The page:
23.08.2009 - 31.08.2009 31 °C
First stop in Argentina: Mendoza, just over the Andes from Santiago de Chile, and centre of the region resposible for two thirds of Argentina's wine production. Malbec and Tempranillo are the two most important grape varieties. Around the town itself are concentrated the vines and production facilities for numerous outfits, large and small. The most popular tourist activity in Mendoza must be touring of the many vineyards by bike, a semi-organised activity in which motley groups are rented even motlier bicycles, given a sort of map and a push in the right direction, and left to their own devices. Having teamed up with a brace of English travelers, we set off unsteadily on our ill-maintained iron steeds into the grape-filled expanses.
First stop was the Rutini bodega, the self-proclaimed 'most visited winery in Argentina'. It's certainly one of the largest I've ever seen.
26600 litre barrels (26.6 tons of wine each!):
The area is suitable for winemaking due to its low (and consistent?) rainfall. The area felt semi-desert, with the outline of the Andes visible through the hot dusty air. Biking around the avenues:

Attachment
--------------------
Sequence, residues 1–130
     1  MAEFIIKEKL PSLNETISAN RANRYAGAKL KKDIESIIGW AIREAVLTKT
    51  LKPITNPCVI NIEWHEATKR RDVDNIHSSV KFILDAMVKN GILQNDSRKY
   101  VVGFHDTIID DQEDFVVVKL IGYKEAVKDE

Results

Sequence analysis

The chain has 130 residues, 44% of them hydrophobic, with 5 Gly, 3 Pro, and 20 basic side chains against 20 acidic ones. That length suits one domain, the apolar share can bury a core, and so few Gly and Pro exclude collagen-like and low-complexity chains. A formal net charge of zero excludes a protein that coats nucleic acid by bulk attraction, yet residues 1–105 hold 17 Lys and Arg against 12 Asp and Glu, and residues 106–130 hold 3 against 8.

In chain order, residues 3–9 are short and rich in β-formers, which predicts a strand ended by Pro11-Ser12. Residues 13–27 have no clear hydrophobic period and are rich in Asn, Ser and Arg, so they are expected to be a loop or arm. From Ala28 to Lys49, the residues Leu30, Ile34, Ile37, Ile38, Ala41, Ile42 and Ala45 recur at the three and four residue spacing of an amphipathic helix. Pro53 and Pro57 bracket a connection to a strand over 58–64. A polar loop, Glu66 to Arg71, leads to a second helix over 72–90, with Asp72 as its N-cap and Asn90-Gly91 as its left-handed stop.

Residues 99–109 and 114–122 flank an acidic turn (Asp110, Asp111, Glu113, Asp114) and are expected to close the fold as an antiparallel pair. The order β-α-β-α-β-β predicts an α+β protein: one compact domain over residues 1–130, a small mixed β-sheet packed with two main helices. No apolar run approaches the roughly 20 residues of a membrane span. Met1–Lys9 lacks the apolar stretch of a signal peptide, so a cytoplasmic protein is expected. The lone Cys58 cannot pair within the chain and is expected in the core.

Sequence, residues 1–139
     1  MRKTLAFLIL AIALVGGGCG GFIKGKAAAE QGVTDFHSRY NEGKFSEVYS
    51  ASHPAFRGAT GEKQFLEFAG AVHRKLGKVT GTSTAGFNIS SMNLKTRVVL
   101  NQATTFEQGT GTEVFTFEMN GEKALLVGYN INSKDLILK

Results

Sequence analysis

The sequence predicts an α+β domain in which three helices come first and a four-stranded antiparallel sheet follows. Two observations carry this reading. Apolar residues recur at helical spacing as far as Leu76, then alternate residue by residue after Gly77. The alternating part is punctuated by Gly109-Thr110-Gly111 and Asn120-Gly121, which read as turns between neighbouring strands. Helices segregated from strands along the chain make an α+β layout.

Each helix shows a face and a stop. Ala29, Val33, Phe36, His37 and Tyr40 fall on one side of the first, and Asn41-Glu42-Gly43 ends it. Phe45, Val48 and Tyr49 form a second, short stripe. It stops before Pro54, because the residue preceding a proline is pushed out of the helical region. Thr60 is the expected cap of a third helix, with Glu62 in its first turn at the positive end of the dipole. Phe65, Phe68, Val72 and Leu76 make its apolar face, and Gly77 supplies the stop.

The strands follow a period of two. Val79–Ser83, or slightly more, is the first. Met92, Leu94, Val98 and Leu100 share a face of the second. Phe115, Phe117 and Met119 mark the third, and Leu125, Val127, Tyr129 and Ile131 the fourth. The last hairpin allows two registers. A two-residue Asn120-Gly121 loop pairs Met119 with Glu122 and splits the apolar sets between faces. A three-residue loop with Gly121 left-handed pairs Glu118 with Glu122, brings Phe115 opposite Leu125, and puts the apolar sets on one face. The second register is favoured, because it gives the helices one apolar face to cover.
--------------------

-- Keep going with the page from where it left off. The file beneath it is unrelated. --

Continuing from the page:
At 'Tempus Alba' vineyard: a selection of red wines:
The seasoned wine taster:
A super-comfy (and expensive) night bus whisked me across the breadth of Argentina to the country's capital. I reflected, while eating my three course dinner with wine on the bus, how in Bolivia the death road boneshaker had taken more hours to cover less than half the distance.
The streets of Buenos Aires, as seen from the balcony in my hostel:
And a street-level view:
The different areas or barrios of Buenos Aires each has a different feel. I stayed in microcentro, the most central district, filled with imposing colonial-era administative buildings such as the Palacio del Congreso:
Nearby was Puerto Madero, an area of docks for cargo ships constructed at the turn of the 19th century, and obsolete within 10 years of operation. Recently the area has been regenerated and hosts ever more hotels, trendy apartment blocks and glass-and-steel skyscrapers.
La Recoleta is an affluent residential district, full of leafy plazas, parks, street cafes and other features described as 'European'. It is also home to a vast cemetery of the same name, laid out in streets on an irregular grid pattern:
Itinerant cats preside over the scene, guardians of the underworld:
Each tomb belongs to a family, the larger ones containing several tiers of caskets. Everybody visits the tomb of Evita, or Eva Perón, wife of president Juan Perón in the 1940s, herself an actress, campaigner and politician.
La Recoleta is also home to Floraris generica, a 23m-tall metal sculpture, whose petals open and close with the sunrise and sunset each day:
Sunset in barrio Palmero: